After a painful Freedom of Information Act (FOIA) request this reporter engaged in with the Prescott VA FOIA officer Elisabeth DeSpiegelaere, it was learned that some $180,000 in bonuses were paid as an incentive to lure people to move to Prescott for work; $320,000 was paid in retention allowances (to keep employees in Prescott) and $71,000 were paid out as recruitment bonuses. Those figures could make one assume no one wants to work at the Prescott VA, or the VA in general, because of a bad organization reputation and bad media coverage. More on DeSpiegelaere later.
I emailed a set of routine questions to VA Prescott Public Information Officer Mary Dillinger, who apparently freaked out and sent emails across the country to her colleagues begging for help, including Jessica Jacobsen, Director of the Dallas Regional Office of the VA Public Affairs, along with out of town VA staffers Bobbi Gruner and Jennifer Roy. None of the questions were answered except for the number of employees working at VA Prescott. Jacobsen tried to turn the table on me and emailed me a series of questions but that’s not how journalism works here in America, only in the VA system which wants to hide things. Here are the unanswered questions: How do employees qualify for the following bonus checks… “incentive, relocation, retention, recruitment”? All I wanted to know was if there were standards, or if a supervisor had to write a recommendation letter – the normal stuff private industry uses. But the VA insiders do not want you to know those answers.
The VA pays less than the private sector and its reputation sometimes prevents job slots from being filled. Later in this report you will learn about whistleblowers in the VA Hospitals who have organized and are taking action as “The VA Truth Tellers.”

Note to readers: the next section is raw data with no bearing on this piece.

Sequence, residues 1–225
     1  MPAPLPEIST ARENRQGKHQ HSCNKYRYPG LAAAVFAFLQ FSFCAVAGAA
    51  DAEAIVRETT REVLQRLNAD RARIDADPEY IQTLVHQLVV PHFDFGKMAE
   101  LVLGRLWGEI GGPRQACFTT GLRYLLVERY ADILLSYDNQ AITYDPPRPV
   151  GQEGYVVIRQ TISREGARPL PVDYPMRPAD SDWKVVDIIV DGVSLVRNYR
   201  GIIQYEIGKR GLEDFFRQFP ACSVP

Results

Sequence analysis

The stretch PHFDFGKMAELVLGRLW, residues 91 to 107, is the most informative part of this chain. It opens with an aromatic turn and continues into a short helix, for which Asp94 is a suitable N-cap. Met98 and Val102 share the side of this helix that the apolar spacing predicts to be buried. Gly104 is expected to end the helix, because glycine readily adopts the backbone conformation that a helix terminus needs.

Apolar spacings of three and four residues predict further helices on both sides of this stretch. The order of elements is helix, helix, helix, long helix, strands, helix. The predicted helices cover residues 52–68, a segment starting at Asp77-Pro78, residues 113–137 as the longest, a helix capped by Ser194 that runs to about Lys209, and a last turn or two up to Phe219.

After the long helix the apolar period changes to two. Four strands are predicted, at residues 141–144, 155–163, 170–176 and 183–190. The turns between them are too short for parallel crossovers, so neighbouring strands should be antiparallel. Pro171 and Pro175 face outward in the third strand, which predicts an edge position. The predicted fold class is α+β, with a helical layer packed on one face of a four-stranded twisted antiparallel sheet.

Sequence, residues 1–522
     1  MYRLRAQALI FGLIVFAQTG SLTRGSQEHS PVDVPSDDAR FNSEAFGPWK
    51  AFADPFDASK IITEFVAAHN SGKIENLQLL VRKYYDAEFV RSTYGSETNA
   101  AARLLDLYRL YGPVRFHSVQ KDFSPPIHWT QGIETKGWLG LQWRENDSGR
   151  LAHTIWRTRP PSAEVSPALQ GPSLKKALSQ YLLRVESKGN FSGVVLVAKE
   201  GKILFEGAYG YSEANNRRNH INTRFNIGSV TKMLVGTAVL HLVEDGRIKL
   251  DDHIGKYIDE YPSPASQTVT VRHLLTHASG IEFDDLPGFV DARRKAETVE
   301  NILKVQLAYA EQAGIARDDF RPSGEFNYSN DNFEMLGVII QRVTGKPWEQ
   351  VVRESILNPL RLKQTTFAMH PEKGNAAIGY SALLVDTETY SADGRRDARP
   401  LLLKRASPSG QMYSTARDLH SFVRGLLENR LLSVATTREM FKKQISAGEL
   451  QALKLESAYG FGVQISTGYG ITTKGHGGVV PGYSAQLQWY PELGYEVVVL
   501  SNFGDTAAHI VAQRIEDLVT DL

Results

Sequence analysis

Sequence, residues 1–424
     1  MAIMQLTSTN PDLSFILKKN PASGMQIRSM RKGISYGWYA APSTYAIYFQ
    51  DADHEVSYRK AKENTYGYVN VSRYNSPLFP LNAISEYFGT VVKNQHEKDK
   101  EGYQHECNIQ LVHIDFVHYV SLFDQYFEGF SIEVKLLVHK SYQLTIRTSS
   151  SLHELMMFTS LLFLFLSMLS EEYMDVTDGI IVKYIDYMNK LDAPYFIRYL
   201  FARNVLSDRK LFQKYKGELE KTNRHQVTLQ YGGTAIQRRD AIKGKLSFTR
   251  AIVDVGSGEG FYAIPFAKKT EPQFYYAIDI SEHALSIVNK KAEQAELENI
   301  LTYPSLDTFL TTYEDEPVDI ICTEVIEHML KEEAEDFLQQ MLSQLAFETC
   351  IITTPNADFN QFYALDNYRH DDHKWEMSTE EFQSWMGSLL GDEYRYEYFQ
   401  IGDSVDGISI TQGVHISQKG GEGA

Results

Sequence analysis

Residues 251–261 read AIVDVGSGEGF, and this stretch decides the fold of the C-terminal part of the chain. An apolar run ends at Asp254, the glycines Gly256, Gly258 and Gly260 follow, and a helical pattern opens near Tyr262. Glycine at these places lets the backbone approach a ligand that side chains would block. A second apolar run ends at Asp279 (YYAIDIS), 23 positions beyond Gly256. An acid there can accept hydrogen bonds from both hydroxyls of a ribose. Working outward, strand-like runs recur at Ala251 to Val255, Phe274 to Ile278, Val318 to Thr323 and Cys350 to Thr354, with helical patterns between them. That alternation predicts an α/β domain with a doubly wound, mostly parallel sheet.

This reporter is a perfect 7-for-7 in his FOIA requests dating back to 1985. But in the years since then, no FOIA officer had dragged feet in such an unprofessional manner. It was if someone told DeSpeigelaere to not reveal the details, or “they are too embarrassing,” and this reporter had to go over her head and speak with her supervisor – the lead FOIA officer at VA headquarters in Washington who gave her a ‘come to Jesus moment’ that resulted in me getting the information.
The most it ever took this reporter to receive his other FOIA requests throughout his career was ten days, but DeSpeigelaere took three months. In one email from her, she sent the bonus award documentation but it could not be opened because it was encrypted. When I pointed that out to her, she said she could have her computer technician provide the un-encryption program she uses so I could use it on my computer, but I turned down the offer because that might be a violation of federal cyber security regulations.
Was it VA hospital director Jean Gurga who wanted DeSpeigelaere to delay the embarrassment? Perhaps. This reporter sent five letters to Gurga that remain unanswered to this day. The Prescott VA’s director’s office is a revolving door that featured multiple different directors in ten years.
The Phoenix VA director’s door revolves, too. The Carl T. Hayden (7 term senator) VA Medical Center serves about 80,000 veterans, and faces ongoing challenges after years of reform efforts. The hospital has become a revolving door for leadership, with seven directors since 2014, and at one time had the lowest rating for achievement in the VA’s five-star hospital measurement system.
Part Two of this investigation will dig deeper into problems and history at the Prescott VA medical center., and serious complaints made by Veterans about the entire VA system.
This investigation has also been published in the Western News Service.